English, for its part, does have some predictable patterns, and to some extent they relate to what we call “long” and “short” vowels – though in Modern English the distinction is one of quality rather than of quantity (long vowels in English actually were, more than half a millennium ago, just extended versions of the short ones, but that all changed during what’s called the Great Vowel Shift). But much of that actually relates to the other languages (especially Latin) that we got the words from. In truth, Old English (which is what was spoken in England from roughly the 7th to the 11th century AD) put the stress as a rule on the first syllable of the root. (If there was a prefix tacked on the beginning, it wouldn’t receive stress.)
What this also means is that when we add a suffix that came down from Old English, it will probably not affect the stress of the word. Suffixes such as -dom, -ful, -hood, -man, -ness, -ward, and -wise don’t draw stress to them – though -wise with its “long” vowel gets a secondary stress. On the other hand, suffixes from French, such as -ee, -eer, -aire, -elle, -esque, -ese, and -ette, tend to grab the stress.
Meanwhile, words we get from Latin – such as cadaver – tend to get stress on syllables that in Latin had a long vowel (in cadaver, the second /a/ was long: /ka da: ver/). Words that come from Greek sometimes follow Greek stress patterns, and sometimes just get the accent on the antepenult (the third-last syllable) in that grand old English habit: Socrates was said in Greek with the stress on the penult, but in English we shifted it to the antepenult. Words we got from French, if we present them as French words not much changed (more typical with more recent borrowings), will get stress on the final syllable, but there are many words in English that came from French long enough ago that the stress has changed. And of course those words usually are derived from Latin words, which will add further influence.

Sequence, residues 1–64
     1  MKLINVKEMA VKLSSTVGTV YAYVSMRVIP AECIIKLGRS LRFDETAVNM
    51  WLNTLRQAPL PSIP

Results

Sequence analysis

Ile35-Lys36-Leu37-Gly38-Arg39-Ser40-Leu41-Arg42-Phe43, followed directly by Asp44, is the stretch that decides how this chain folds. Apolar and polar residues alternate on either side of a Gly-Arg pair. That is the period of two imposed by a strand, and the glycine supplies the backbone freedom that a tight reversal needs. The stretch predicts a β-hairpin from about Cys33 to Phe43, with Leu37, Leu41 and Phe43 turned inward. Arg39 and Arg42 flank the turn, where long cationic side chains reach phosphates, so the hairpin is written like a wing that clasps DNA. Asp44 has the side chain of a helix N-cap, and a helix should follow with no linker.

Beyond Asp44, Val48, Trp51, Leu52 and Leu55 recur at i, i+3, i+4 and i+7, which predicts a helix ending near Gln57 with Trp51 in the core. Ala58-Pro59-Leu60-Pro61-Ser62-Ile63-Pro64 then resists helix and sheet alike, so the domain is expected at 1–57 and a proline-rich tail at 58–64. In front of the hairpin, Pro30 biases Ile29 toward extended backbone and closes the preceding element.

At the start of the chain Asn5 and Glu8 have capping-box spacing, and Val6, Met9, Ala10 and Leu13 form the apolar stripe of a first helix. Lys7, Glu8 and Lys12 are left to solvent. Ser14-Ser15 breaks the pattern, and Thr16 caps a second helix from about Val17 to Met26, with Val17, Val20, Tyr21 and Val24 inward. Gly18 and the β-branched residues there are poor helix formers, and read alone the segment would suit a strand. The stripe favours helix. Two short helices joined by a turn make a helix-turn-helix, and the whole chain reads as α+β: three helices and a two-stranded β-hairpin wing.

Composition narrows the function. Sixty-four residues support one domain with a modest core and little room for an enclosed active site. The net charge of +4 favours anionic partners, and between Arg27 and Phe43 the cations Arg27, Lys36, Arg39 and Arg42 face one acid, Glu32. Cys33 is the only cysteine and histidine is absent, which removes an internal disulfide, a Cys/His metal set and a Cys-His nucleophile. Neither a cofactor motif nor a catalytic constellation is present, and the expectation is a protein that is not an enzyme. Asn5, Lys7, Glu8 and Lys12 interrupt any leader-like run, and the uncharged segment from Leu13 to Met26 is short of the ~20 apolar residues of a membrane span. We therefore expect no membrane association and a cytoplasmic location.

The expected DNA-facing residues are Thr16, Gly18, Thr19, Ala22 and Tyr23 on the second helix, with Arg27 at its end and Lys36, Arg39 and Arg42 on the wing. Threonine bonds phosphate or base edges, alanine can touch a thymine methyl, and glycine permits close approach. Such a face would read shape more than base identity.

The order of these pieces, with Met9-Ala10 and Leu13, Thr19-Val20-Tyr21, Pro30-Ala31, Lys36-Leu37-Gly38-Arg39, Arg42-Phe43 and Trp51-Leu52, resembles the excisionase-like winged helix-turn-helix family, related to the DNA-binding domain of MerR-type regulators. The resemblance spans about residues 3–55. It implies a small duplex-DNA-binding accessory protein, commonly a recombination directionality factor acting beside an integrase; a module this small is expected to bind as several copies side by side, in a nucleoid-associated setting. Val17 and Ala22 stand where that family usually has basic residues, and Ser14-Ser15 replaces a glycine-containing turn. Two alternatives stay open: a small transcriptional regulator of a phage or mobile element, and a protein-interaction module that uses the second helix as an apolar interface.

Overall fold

So how do you know what syllable an English word is stressed on – which syllable gets the emphasis, as it were? Dude, look it up.
But, ah, if you’re on a desert island with no internet and there’s a maniac who’s going to hurt you if you don’t know the pronunciation of this or that word (in real life there are many more such maniacs than there are desert islands to put them on), start by identifying the bits of the word. You can ignore all the inflectional suffixes – things like -ing and -ed and -es and so on – but of course you will need to take note of any suffixes that tend to draw the stress (including -ic, -icity, and -idity, which draw it to the syllable before them).
If the root has two syllables, the stress is probably on the first – unless it’s a loan word or one of those verbs that pair with adjectives and nouns (insult, perfect, torment, escort, etc.).
If the root has more than two syllables, look at the penult of the root. If it has a “long” vowel or the vowel is followed by two or more consonant sounds before the next vowel, it’s probably stressed. If not, the stress probably goes on the antepenult.
Unless it doesn’t, of course.